An important question I always get asked is “Which retirement account should I open?” Let’s talk about the differences between a Traditional IRA or a Roth IRA first and foremost. The type of individual retirement account (IRA) you choose can significantly affect your long-term savings and retirement plans, so it’s worth understanding the differences between Traditional IRAs and Roth IRAs in order to select the best one for you, that will help your family the most in retirement.Income...

An important question I always get asked is “Which retirement account should I open?” Let’s talk about the differences between a Traditional IRA or a Roth IRA first and foremost. The type of individual retirement account (IRA) you choose can significantly affect your long-term savings and retirement plans, so it’s worth understanding the differences between Traditional IRAs and Roth IRAs in order to select the best one for you, that will help your family the most in retirement.
Income Limits. Anyone with earned income who is younger than 70½ can contribute to a Traditional IRA. Whether the contribution is tax deductible depends on your income and whether you or your spouse are covered by a retirement plan through your job, such as a 401(k) or 403(b). Roth IRAs don’t have age restrictions, but they do have income-eligibility restrictions: Single tax filers must have modified adjusted gross incomes(AGI) of less than $133,000 in 2017 to contribute to a Roth IRA. Married couples filing jointly must have modified AGIs of less than $196,000 in 2017 in order to contribute to a Roth. So right off that bat, your modified AGI is over 200k, a Roth IRA is out of the question for you, and you would need to find other avenues for tax deferred/free growth, such as a variable annuity.
Tax Incentives. This is the biggest difference between the two. Both Traditional and Roth IRAs provide different tax breaks. What it comes down to, is a matter of timing when you get to claim them. Traditional IRA contributions are tax-deductible on both state and federal tax returns for the year you make the contribution which means, if you contribute 5000 in 2017, you take the deduction for 2017; withdrawals in retirement are taxed as ordinary income tax rates. Roth IRAs provide no tax break for contributions, but earnings and withdrawals are generally tax-free. So with Traditional IRAs, you avoid taxes when you put the money in. With Roth IRAs, you avoid taxes when you take it out in retirement. Generally speaking, younger adults are better off opening an Roth IRA while they have time on their side as opposed to later in life, where you will not have the power of compounding interest work for you so long. Lastly, with both types of IRAs, you pay no taxes whatsoever on all of the growth of your contributed funds, as long as they remain in the account.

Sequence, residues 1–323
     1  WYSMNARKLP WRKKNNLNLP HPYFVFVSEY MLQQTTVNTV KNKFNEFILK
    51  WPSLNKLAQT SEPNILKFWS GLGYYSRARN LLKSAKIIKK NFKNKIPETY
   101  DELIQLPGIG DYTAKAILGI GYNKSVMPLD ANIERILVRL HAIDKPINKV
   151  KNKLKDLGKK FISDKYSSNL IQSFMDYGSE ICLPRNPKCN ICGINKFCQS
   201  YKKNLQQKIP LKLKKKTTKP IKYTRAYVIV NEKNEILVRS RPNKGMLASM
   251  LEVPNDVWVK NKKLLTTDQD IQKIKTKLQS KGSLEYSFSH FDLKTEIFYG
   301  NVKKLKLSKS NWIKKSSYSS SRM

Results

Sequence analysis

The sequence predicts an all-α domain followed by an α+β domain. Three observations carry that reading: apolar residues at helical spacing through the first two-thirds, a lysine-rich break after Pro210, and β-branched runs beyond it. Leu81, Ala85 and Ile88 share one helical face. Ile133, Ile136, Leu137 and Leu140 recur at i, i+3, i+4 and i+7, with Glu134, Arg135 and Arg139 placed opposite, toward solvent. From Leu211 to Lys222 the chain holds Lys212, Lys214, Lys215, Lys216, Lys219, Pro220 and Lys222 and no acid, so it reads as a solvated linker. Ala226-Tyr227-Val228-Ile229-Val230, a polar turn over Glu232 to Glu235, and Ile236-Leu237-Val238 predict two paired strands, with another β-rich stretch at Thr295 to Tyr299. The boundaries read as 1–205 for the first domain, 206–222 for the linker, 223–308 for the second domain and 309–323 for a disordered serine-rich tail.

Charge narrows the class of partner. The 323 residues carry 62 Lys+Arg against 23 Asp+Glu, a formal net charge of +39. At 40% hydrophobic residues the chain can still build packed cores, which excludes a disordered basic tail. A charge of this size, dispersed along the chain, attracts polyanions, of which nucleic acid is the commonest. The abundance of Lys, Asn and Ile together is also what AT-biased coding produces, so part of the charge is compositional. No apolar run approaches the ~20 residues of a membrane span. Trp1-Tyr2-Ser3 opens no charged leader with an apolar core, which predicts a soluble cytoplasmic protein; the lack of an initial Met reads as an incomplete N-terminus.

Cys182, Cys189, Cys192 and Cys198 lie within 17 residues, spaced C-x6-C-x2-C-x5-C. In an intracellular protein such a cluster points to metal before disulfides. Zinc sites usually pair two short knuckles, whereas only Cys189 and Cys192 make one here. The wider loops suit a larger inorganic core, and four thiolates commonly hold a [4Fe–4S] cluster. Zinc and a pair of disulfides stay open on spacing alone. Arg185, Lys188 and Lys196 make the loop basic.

Withdrawal Rules. One major difference between Traditional IRAs and Roth IRAs is when the savings must be withdrawn. With traditional IRAs, you are required to start taking required minimum distributions (RMDs). This is a mandatory, taxable withdrawals of a certain percentage of your funds, at age 70½, whether you need the money at that point or not. The government wants their tax revenue, and you are forced to take out the cash. Roth IRAs, on the other hand, don’t require any withdrawals during the owner’s lifetime. If you have enough other income, you can let your Roth IRAs continue to grow tax-free throughout your lifetime, making them ideal wealth-transfer vehicles. The same applies to your heirs. Beneficiaries of Roth IRAs don’t owe income tax on withdrawals and can stretch out distributions over many years. However, beneficiaries may still owe estate taxes. With an inherited IRA, you have to take out RMD’s as well, and spend down the cash in the account over a certain amount of years.
Exceptions to withdrawals. Both Traditional and Roth IRAs allow owners to begin taking penalty-free, “qualified” distributions at age 59½. Any distribution before 59 ½ gets hit with a 10% penalty. However, Roth IRAs require that the first contribution be made at least five years before the first withdrawal, in order to avoid incurring a tax payment. If you meet that benchmark (and you only have to meet it once), you will have only paid taxes on what went into the account, not the sum you eventually take out.
Traditional IRA exceptions. If you are under 59½, you can withdraw up to $10,000 from your account without the normal 10% early-withdrawal penalty to pay for qualified first-time home-buyer expenses and for qualified higher education expenses. Hardships such as disability and certain levels of unreimbursed medical expenses may also be exempt from the penalty. Just remember you will still pay taxes on any distribution.
Roth IRA exceptions. Contributions, but not earnings, can be withdrawn penalty and tax-free at any time, even before age 59½. If you are under 59½, you can withdraw up to $10,000 of Roth earnings penalty-free to pay for qualified first-time home-buyer expenses, provided at least 5 tax years have passed since your initial contribution. Roth IRAs can be invested in literally anything you want: index funds, life cycle funds, individual stocks, or even alternative investments. In contrast, there are some limits to the types of assets a Traditional IRA can hold.